The Worst Cover Songs Ever, part 2
Invasores de Cérebros: Stooges “I Wanna Be Your Dog”
Like the alchemists who toiled through the dark ages, I personally experienced a dark age approximately eight years ago during which I tried relentlessly to figure out what link could be found between the Stooges and Discharge. The closest I came was a half-baked theory, expounded in excited text messages to friends, about the similarities between in the riffs of “Fight Back” and “1970.” Several years later, while in a Barcelona record shop, I stumbled across a 7" by Brazil’s Invasores de Cérebros. I’d never heard of them before, but one passes up cheap South American punk(-ish)/metal(-ish) records at one’s peril. It turns out their singer did time in some of the earliest and most important Brazilian punk bands, Restos de Nada and Inocentes. Needless to say, Invasores de Cérebros don’t quite reach those bands’ achievements. But this thrashcore cover of the Stooges, complete with a d-beat, demonstrates how the alchemical attempt to turn lead into gold sometimes does the opposite. But even lead has its value.
Stuhlzapfchen Von “N”: Discharge “Drunk With Power”
What exactly this Brazilian band’s name means is unclear. I think it’s pseudo-German for “nuclear suppository.” But maybe not. Despite the 1986 release as Stuhlzapfchen Von “N”, the band was actually A.R.D. (After Radioactive Destruction), a street-metal outfit that started in 1984 and is still kicking today. Maniacs may note that they hail from Gama, the same small city as cult Dis-core stalwarts Besthöven. Anyway, among the hundreds of Discharge covers one can find, this hardcore-bequeaths-black-metal-by-virtue-of-ineptitude version is singular. Can you hear the sound of an enormous door slamming in the depths of hell, on the fingers of the guitarist of Stuhlzapfchen Von “N”? Either that or the guitarist was experiencing hypothermia during the recording—unlikely for a band from the tropics. The crystal-clear double-tracked vocals are the whipped cream on this frozen cow-pie.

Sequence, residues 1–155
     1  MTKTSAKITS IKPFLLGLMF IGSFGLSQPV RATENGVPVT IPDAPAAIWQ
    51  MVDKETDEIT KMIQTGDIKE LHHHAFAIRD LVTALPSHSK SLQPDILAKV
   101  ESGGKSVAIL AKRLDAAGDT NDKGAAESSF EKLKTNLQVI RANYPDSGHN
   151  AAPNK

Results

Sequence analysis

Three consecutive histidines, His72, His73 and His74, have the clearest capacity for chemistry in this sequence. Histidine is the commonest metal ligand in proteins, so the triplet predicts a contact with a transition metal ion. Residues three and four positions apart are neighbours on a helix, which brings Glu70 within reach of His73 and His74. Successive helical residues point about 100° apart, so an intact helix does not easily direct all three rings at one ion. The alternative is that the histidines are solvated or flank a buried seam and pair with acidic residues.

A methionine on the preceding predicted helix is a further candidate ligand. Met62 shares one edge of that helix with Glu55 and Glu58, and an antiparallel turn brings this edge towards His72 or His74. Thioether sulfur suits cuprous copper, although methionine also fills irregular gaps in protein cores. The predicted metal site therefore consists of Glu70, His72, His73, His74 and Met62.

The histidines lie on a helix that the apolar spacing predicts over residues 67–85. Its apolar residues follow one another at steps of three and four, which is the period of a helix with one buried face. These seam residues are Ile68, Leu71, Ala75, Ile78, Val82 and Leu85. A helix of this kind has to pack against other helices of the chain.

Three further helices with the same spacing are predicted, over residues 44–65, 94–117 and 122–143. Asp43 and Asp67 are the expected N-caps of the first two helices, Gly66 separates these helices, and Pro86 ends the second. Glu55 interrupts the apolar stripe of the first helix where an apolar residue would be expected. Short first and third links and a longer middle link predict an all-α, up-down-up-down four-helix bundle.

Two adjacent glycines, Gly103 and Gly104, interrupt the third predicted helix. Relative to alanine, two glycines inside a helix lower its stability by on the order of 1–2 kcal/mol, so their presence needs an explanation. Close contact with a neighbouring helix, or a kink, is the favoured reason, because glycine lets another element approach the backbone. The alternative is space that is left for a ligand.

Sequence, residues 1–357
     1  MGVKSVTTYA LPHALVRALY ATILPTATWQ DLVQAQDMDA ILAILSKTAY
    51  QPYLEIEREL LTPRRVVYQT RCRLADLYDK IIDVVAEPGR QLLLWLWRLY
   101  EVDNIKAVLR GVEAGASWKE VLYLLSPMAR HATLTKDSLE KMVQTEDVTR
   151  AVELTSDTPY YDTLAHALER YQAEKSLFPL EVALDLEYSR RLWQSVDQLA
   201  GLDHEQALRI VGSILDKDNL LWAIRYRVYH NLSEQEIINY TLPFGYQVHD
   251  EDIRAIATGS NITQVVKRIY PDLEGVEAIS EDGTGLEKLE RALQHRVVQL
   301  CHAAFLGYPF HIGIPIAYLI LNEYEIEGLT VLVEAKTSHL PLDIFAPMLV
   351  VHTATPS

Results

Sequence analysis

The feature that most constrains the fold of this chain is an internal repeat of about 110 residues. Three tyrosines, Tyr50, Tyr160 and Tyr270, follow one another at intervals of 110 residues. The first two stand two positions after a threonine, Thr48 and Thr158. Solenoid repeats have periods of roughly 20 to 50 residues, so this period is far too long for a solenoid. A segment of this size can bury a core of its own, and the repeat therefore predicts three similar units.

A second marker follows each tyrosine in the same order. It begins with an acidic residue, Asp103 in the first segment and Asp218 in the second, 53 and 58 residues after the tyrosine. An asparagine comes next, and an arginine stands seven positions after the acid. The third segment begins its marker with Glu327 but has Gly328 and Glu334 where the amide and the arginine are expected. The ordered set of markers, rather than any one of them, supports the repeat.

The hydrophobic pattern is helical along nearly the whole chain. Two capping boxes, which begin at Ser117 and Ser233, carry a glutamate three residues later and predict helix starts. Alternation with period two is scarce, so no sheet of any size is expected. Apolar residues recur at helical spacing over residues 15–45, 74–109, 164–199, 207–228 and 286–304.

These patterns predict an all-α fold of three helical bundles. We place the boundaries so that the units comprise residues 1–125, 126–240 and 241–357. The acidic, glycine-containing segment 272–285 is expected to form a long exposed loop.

Eric Hysteric: O. Rex “Suzi” (retitled “Kleine Susie”)
From the outskirts of Frankfurt, the Wasted Vinyl label, led by one Eric Hysteric, founded a niche market in puerile, primitive, inept just-this-side-of-hardcore punk in the early 1980s. The most well-known band to emerge from this sewer was Vomit Visions, whose drunken forays into potty punk are loathed by collectors ‘round the world. Buried at the end of “A Taste of Waste,” a cassette discography of the Wasted Vinyl label (man, what a great label name!), which also includes tracks that never made it to vinyl, is this sub-sub-sub-rudimentary Germanicized cover of a tune by O. Rex about Suzi Quattro. For those who don’t know: O. Rex was a Brooklyn-based 1976 project of Kenne Highland of the Gizmos, the quintessential Midwest fanzine-editor garage band (which straddled the punk explosion). O. Rex’s lone homemade single is devastatingly rare and has never been reissued. It is one of the most simple, lo-fi, and adolescent records ever produced. Also notable is its tune “My Head’s in 73,” referring to the year most would consider the worst the world had seen since 1945, nevertheless a halcyon one for the post-hippie/pre-punk community of basement-dwelling teenaged rock fanzine scribes. In fact, O. Rex as a band began in 1973, but they didn’t record the record for another three years. By then, music trends had changed, so it only seemed appropriate to look back wistfully on the days before disco. The Wasted Vinyl bands (Eric Hysteric, Vomit Visions, Der Durstige Mann) managed to capture the in-joke fanzine-rock sensibility and put their own perverse and noisy stamp on it, and I surmise that this cover of O. Rex shows that the only folks across the ocean who shared this sensibility found each other at the time. It’s quite a lovely thought, actually.
Vomit Visions: Velvet Underground “Waiting for My Man”
Also included on “A Taste of Waste” is this 1979 live version of one of the most overexposed songs in rock history. Wait for my man Eric Hysteric to smack you with feedback, static, and all-around sonic narcosis. The liner notes tell all: “Many groups played this punk-standard to death, the VOMIT VISIONS killed it for all time. If you know a worse version of this song, you are asked to contact us!” I’m sure they’re still waiting for a reply.
Chosen Few: Coloured Balls “Won’t You Make Up Your Mind”